Nutrition for aging eyes

nutrition is critical for healthy eyes

No one looks forward to vision problems with aging, but for many people worsening vision will increasingly make life difficult.  While surgical and medical fixes can help with some vision problems, such as cataracts or glaucoma, nutrition intervention could be the solution of the future for other common eye problems.  Age-Related Macular Degeneration (AMD), a retinal disease which gradually destroys vision, is expected to rise substantially as the Baby Boomer generation enters the retirement years.  While some treatments exist, it’s becoming clear that inadequate intake of certain nutrients is related to disease progression.

Results from the ongoing Age Related Eye Disease (AREDS), sponsored by the National Eye Institute  indicate that certain nutrient supplements can impact existing AMD and prevent further vision loss.  In the first phase of the study, patients were given vitamins C and E, beta-carotene and zinc.  Modest improvements were noted for patients with existing disease.  The second phase of the study is investigating lutein, zeaxanthin and omega-3 fats.  Initial results are at least a year away.

According to a survey commissioned recently by the Ocular Nutrition Society, few people are aware of the connection between these nutrients and eye health, although most respondents identified vision as the most important of the five senses.  Both zeaxanthin and lutein are carotenoids, related to vitamin A, are plentiful in dark colored vegetables, some fruits and egg yolks.  It’s easy to imagine a eye-healthy diet full of fruits and vegetables, along with eggs.  On the other hand, it’s also easy to imagine a diet low in these foods.  According to food consumption data, only about 25% of Americans are eating enough fruit and vegetables everyday.  Egg consumption has been dropping for decades.  And few people eat the recommended amount of fatty fish each week necessary for adequate omega-3 intake.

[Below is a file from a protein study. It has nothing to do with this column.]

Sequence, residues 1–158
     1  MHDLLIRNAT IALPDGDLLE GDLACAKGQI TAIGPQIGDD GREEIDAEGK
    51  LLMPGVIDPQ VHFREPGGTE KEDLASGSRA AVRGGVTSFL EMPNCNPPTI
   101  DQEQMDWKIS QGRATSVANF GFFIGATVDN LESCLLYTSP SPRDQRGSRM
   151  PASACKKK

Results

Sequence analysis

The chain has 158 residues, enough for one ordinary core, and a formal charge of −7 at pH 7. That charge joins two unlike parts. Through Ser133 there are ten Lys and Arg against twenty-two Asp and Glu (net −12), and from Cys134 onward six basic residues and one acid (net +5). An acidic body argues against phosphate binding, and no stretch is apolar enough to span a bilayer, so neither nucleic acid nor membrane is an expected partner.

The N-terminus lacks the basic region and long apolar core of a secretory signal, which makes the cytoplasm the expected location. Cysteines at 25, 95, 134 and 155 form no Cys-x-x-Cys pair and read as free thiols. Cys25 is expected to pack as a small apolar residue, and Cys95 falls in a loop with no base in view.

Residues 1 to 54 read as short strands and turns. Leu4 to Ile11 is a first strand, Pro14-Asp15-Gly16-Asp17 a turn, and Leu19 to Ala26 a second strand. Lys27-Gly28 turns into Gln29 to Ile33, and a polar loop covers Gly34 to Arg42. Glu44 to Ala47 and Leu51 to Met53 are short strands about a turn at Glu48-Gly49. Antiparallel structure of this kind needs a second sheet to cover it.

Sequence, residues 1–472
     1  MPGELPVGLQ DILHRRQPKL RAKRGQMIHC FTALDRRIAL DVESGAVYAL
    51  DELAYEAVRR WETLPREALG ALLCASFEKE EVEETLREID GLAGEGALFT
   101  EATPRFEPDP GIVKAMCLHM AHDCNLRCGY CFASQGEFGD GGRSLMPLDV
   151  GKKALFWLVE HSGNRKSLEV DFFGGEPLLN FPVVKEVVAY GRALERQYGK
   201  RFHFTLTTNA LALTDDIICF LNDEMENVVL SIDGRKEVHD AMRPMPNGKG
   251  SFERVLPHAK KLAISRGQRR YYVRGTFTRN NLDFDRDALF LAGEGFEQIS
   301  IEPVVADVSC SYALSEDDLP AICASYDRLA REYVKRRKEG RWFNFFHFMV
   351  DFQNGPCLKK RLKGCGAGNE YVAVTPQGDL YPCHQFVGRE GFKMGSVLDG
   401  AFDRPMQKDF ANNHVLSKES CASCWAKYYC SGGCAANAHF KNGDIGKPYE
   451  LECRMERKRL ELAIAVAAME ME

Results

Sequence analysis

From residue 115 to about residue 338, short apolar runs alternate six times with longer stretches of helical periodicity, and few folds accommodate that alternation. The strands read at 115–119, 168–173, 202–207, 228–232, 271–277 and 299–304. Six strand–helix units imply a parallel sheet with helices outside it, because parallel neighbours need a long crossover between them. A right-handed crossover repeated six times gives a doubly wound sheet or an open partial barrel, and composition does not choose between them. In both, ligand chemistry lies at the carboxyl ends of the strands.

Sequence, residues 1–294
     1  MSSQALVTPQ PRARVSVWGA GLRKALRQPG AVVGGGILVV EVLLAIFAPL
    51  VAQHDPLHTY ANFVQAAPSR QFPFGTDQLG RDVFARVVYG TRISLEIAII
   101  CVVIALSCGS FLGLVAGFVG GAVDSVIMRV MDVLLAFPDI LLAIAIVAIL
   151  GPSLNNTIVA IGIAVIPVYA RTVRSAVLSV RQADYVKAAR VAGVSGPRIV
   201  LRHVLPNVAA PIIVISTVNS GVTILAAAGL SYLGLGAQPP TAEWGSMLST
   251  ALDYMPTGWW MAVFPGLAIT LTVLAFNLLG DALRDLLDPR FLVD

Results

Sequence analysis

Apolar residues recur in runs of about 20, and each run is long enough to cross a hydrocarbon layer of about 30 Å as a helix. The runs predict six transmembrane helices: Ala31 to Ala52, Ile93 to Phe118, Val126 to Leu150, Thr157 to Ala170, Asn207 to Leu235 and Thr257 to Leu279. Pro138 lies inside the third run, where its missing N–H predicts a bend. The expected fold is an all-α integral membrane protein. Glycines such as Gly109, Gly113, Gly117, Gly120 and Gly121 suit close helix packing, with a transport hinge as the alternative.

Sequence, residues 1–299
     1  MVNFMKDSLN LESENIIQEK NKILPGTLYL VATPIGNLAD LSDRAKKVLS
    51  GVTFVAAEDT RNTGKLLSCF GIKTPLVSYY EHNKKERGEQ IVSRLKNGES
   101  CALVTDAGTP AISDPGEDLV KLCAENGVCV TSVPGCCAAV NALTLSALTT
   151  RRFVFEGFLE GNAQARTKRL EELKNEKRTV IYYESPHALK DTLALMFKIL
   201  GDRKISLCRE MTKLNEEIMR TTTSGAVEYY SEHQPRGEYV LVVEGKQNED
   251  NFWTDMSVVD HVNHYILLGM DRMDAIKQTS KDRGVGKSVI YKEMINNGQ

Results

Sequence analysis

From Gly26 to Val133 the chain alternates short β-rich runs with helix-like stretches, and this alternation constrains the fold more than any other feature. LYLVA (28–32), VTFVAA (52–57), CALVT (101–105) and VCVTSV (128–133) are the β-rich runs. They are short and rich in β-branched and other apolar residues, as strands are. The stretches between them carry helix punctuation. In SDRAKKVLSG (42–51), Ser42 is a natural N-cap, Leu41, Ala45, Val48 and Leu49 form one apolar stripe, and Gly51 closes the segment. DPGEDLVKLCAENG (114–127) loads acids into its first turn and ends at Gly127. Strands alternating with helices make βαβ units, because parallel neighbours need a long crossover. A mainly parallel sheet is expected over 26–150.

A recent study of mice shows how lutein might help: mice were fed normal chow, or lutein-fortified chow, for 10 days, and then exposed to strong light.  Vision was assessed, and the lutein-fed mice had reduced damage, including lower levels of a marker for DNA damage in the retina.  A marker for DNA repair was increased in the lutein-fed mice.

Low intake of omega-3 fats might also contribute to AMD.  Dry eye disease is another problem that worsens with age.  Omega-3 fatty acids are involved in the process that helps suppress eye inflammation,  and many eye doctors routinely recommend supplements for patients with this condition.

As the Ocular Society survey showed, people worry about vision loss.  If research data show that specific nutrients can help prevent eye diseases that threaten vision, the market for eye-health supplements is likely to explode.  Many such supplements already exist, even though research has yet to identify optimal doses of these key nutrients.  You could take an eye-health supplement, or you could make sure to eat plenty of dark-colored vegetables and fruits.  The benefit of that approach is that diets full of those foods are great for so many other chronic diseases.  Plus you’ll be getting lots of natural fiber, something you can’t pack into a pill.

 

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